Week In Review
According to the Bureau of Labor Statistics (BLS), the U.S. economy shed 20.5 million jobs in April. The unemployment rate was reported at 14.7%. The labor force participation rate dropped from 62.7% to 60.2%. Earlier in the week initial jobless claims were reported at 3.169 million, raising the total number of initial claims to over 33 million over the last seven weeks.
The employment report was actually a little better than expected but with a major caveat. The BLS issued guidance indicating that some laid off workers were incorrectly classified as not looking for employment. Had these workers been correctly classified, the BLS estimates that the unemployment rate would be closer to 19.5%. At this point, the actual rate matters far less than how quickly the unemployed can get back to work. A return to pre-pandemic employment levels any time soon appears quite unlikely.
The German Constitutional Court ruled that the ECB’s previous QE program violated key EU treaties and thus should have been challenged by the German government. The court did not rule that the previous program constituted monetary financing, which is prohibited by the German constitution, but that the ECB will need to demonstrate the proportionality of the QE program and address several other factors about the program. The ECB will have 90 days to comply with the court’s ruling or the Bundesbank will be ordered to stop participating in the program.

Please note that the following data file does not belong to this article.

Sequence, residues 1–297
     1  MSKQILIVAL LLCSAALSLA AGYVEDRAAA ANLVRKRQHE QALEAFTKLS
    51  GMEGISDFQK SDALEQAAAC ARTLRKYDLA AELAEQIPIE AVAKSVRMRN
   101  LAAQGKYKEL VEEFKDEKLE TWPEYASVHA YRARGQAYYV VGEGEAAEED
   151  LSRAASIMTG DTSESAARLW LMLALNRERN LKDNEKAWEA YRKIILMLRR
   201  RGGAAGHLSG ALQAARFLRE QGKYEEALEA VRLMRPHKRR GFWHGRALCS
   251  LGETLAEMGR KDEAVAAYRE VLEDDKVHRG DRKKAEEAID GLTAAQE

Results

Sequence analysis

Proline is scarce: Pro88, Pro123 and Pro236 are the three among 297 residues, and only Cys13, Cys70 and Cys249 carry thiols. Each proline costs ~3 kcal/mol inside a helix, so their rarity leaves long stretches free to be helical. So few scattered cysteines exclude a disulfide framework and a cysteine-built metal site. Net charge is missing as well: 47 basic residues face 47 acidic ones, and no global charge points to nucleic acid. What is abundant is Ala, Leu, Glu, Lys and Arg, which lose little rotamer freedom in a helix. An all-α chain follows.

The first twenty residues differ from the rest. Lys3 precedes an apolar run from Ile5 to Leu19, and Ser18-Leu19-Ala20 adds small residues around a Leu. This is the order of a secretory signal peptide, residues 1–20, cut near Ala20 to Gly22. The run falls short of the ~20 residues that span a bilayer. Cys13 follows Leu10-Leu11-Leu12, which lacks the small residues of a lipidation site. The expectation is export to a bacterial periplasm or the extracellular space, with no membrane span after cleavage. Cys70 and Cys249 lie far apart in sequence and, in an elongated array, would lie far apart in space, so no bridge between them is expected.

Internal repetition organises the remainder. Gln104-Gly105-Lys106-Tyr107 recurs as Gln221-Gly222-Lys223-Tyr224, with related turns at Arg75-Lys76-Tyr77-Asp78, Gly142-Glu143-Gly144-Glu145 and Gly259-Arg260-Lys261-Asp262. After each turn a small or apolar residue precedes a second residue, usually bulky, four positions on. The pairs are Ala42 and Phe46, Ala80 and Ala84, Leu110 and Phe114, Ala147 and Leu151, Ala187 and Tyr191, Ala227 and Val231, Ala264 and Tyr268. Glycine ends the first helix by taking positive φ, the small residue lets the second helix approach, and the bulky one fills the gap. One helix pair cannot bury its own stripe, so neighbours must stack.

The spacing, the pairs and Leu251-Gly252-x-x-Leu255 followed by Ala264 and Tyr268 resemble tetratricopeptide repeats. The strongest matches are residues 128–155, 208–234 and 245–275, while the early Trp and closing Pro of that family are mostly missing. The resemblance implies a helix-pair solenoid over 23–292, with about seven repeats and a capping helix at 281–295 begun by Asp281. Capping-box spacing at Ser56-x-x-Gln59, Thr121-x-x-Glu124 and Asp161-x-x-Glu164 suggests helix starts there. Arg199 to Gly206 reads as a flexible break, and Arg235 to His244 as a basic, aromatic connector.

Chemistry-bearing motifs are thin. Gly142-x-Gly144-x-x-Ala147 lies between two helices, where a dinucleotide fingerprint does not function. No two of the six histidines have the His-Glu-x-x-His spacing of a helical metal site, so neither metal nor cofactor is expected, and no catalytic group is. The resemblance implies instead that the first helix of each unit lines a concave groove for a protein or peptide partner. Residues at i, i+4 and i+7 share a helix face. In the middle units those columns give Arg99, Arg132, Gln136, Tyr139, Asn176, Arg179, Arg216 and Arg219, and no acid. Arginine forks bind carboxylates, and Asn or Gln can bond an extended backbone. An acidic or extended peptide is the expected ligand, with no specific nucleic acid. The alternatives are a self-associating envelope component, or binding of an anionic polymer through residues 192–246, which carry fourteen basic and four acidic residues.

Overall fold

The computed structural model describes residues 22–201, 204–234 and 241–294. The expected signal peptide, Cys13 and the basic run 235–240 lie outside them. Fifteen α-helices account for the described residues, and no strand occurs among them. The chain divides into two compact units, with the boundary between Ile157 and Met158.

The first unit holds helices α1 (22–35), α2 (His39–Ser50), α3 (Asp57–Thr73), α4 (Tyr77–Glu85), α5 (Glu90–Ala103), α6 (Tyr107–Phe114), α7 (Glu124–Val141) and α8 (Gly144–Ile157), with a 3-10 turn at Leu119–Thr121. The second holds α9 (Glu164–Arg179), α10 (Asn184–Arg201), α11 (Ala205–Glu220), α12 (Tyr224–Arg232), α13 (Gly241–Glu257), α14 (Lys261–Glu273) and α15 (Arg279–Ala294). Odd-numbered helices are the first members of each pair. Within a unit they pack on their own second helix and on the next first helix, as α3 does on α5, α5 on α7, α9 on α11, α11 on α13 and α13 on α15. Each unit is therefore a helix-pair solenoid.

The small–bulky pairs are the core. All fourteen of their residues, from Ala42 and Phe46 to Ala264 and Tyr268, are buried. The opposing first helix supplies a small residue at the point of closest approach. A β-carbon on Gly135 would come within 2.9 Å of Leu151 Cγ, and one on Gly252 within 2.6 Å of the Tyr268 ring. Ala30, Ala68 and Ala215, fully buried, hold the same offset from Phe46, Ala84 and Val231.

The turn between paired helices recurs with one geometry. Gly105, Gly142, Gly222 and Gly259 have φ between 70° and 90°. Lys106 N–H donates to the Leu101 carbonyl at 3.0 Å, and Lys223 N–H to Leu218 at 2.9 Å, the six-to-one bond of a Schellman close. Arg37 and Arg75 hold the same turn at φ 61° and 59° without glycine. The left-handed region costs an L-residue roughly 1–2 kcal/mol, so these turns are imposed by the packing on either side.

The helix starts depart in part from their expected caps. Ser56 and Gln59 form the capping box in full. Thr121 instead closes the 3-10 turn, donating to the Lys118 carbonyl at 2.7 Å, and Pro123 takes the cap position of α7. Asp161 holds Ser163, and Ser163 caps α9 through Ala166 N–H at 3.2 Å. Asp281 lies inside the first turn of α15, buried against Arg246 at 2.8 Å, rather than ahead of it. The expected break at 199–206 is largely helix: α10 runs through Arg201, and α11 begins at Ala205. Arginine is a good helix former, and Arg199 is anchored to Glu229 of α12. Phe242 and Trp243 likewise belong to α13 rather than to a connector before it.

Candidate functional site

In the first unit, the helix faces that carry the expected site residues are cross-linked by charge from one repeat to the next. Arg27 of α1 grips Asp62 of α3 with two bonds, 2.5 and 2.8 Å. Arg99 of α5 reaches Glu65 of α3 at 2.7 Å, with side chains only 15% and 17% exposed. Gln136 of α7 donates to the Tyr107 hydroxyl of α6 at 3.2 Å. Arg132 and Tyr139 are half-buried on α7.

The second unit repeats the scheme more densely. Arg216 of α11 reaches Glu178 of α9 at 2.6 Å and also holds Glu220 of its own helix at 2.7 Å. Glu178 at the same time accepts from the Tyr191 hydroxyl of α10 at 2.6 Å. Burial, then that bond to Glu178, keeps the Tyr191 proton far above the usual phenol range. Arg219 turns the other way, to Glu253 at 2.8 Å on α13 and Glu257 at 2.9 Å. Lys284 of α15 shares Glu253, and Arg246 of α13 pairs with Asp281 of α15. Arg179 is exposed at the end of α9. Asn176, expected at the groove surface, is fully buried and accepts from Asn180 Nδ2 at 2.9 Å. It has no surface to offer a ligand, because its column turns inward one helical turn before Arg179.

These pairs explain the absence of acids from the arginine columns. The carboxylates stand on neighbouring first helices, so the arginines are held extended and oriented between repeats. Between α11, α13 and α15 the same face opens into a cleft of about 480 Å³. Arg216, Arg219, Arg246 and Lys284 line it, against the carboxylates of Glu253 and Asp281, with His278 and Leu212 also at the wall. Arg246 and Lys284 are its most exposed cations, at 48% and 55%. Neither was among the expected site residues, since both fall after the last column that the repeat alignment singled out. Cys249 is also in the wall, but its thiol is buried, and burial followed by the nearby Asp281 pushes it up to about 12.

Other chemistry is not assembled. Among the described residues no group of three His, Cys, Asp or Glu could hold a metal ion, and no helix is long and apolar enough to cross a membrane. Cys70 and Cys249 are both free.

The ECB will almost definitely provide the German government with what it needs to demonstrate compliance with the court’s order, and the Bundesbank will be able to continue its participation in the QE program at issue. However, this ruling sets a precedent that the German government and the Bundesbank will have to strictly follow the German constitution when participating in EU and ECB programs, and that programs that violate a tight reading of EU treaties will have to be carefully scrutinized by the German government. The ongoing Pandemic Emergency Purchase Program will likely be challenged in a similar case.
March factory orders fell 10.3%, while orders for durable goods dropped 14.7%. The April ISM non-manufacturing index fell from 52.5 to 41.8. The business activity subcomponent of the ISM index plunged 22 points to an all-time low of 26.0.
Bad data will continue to pile up over the next month as a clearer picture of economic fallout emerges. Markets are likely to be a bit desensitized to the bad news, as it offers little predictive value as to how much and how quickly the economy can improve as shutdowns end.
Illinois delayed the sale of $1.2 billion of short-term general obligation debt. The proceeds from the debt sale would have been used to offset the state’s revenue shortfall. Illinois has indicated that the bond sale is now in a “day-to-day” status.
The pricing of the bond sale would have been a good measure to determine how much the state’s borrowing costs would have increased. However, it should not come as a surprise that Illinois postponed the new issue. Uncertainty surrounding state finances continues.